Following Harvard’s decision last month to slow construction of its much-anticipated Allston science complex, local residents have escalated demands for the University to lease its thousands of square feet of vacant properties in the neighborhood.
Early last week, in reaction to the decision, a local group hung multiple banners—including one that stated in large, red letters, “It’s time for resistance”—on empty Harvard-owned buildings. A few days later, Boston Mayor Thomas M. Menino responded to Harvard’s announcement by asking it to provide the City with an inventory of current Allston property holdings and their planned uses in a letter to University President Drew G. Faust.
Some local residents have long said that Harvard’s vacant properties reduce the attractiveness of the neighborhood and harm existing businesses, and that the businesses that have been brought in by the University do not cater to the needs of the community.
Now, with the slowdown casting doubt on Harvard’s construction timeline in Allston, residents are growing concerned that businesses will steer clear of the area, scuttling hopes for a revitalized Allston in the near future.
“If this city can’t attract the momentum that’s going to make this a standalone part of the Harvard campus, it’s going to become a backyard,” said Allston Task Force member John Cusack.
Harvard officials say they are continuing to consult regularly with the city to fill vacant properties with new tenants, including six new businesses they say have signed leases with Harvard in the past 18 months.
“We understand the concerns our neighbors and the city have expressed, which is why we’ve been so aggressive in our efforts to lease available property,” said University spokeswoman Lauren Marshall, who also said that 85 percent of Harvard’s 892,317 square feet of leasable property in Allston had tenants.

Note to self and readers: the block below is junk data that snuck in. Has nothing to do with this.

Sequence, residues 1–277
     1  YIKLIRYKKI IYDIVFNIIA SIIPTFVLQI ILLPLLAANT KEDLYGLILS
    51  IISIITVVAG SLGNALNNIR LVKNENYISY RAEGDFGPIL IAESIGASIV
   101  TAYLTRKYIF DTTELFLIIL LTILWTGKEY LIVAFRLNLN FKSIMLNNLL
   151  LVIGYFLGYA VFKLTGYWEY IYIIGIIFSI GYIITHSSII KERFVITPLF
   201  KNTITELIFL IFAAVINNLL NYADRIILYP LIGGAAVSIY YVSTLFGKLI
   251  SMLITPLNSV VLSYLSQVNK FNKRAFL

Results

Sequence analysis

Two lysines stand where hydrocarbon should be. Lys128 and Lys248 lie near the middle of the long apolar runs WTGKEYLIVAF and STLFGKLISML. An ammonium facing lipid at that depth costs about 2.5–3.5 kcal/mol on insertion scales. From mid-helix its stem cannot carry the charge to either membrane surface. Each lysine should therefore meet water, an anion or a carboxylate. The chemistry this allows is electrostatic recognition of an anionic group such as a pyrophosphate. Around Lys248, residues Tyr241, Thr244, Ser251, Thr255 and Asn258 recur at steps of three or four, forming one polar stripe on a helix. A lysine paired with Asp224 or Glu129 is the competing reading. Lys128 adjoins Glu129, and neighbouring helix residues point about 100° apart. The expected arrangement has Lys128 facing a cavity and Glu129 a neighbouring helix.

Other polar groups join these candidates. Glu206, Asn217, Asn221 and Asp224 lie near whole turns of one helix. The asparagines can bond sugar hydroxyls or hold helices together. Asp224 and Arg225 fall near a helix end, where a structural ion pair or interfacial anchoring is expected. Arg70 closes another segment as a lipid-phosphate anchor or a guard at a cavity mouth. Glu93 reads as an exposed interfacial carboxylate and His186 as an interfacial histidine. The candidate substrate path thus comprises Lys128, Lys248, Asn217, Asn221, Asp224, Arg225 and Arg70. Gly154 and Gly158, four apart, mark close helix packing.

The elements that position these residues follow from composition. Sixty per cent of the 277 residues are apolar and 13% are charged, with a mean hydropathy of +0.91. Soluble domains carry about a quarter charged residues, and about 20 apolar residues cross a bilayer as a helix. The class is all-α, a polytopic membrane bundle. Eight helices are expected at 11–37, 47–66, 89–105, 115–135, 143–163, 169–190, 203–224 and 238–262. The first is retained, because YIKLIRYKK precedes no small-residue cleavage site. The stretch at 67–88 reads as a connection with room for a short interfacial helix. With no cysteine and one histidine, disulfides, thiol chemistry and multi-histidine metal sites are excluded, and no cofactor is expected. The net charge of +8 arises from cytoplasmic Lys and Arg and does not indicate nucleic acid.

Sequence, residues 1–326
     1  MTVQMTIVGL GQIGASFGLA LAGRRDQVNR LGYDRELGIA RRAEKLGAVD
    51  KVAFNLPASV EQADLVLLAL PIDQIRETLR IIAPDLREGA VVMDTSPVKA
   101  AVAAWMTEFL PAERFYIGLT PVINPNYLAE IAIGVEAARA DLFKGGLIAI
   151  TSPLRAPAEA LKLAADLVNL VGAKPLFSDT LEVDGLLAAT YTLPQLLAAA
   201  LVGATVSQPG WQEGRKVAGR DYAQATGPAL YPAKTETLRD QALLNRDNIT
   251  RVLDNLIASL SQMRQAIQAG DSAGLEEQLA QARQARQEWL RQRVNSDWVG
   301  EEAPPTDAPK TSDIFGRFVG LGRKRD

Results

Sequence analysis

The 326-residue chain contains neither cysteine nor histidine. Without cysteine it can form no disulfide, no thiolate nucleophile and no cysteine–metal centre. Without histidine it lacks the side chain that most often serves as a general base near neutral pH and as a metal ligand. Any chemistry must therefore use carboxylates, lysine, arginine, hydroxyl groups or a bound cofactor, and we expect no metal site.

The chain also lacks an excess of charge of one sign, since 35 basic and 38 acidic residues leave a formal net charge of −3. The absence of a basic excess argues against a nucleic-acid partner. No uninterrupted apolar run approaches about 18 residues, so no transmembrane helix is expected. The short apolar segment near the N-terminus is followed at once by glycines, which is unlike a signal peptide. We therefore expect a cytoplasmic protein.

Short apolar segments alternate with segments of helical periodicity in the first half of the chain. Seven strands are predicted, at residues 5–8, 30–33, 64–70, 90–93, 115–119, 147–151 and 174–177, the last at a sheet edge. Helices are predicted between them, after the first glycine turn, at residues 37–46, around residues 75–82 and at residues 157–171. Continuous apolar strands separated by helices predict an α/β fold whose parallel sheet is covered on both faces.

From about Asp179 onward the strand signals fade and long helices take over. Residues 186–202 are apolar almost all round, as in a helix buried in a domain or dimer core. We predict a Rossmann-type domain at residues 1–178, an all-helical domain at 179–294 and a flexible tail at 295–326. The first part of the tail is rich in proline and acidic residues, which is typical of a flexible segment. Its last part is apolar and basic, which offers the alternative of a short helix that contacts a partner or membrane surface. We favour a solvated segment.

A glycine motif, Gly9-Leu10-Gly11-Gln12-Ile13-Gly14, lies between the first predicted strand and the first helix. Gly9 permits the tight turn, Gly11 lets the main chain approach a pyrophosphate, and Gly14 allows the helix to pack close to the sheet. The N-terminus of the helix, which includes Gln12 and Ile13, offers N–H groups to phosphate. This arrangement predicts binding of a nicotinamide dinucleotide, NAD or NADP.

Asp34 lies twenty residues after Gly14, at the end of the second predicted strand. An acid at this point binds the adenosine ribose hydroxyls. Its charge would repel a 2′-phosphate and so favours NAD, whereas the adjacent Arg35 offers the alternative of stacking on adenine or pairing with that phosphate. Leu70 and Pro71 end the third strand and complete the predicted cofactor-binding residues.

But that number excludes the 790,000 square feet of property that Harvard designates as “non-leasable,” a controversial definition Harvard gives spaces it says are either unfit for tenants or reserved for construction plans. For example, the Brighton Mills Shopping Center—which includes a large vacant former Kmart—has been set aside for the planned relocation of the Charlesview apartments.
Some neighborhood residents question the category’s legitimacy, calling it an attempt to disguise the true blight of vacancy in Allston.
“This is all sort of legal mumbo-jumbo betraying the damage that Harvard has done to this neighborhood,” said Harry Mattison, an Allston Task Force Member. He added that the neighborhood has always been “sort of the stomping ground for non-desirable uses.”
Even the 15 percent of “leasable” Harvard properties left vacant, though seemingly insignificant, “has a higher impact when seen in a smaller neighborhood context,” said Mike Glavin, deputy director for institutional development for the Boston Redevelopment Authority, the City’s chief planning agency.
Despite such concerns, the Unviersity has continued to buy property. In late December, the University purchased a 29,700 square foot building adjacent to Brighton Mills, but said that the current tenants would remain on-site and that Harvard had no short-term plans to use the property.
The University has denied repeated requests by local residents and city officials to place a moratorium on future land purchases, saying that certain parcels contiguous to current holdings may still be considered for acquisition.
At a task force meeting last week, Boston city councilor Mark Ciommo implored Harvard to stop buying properties in light of its planned slowdown.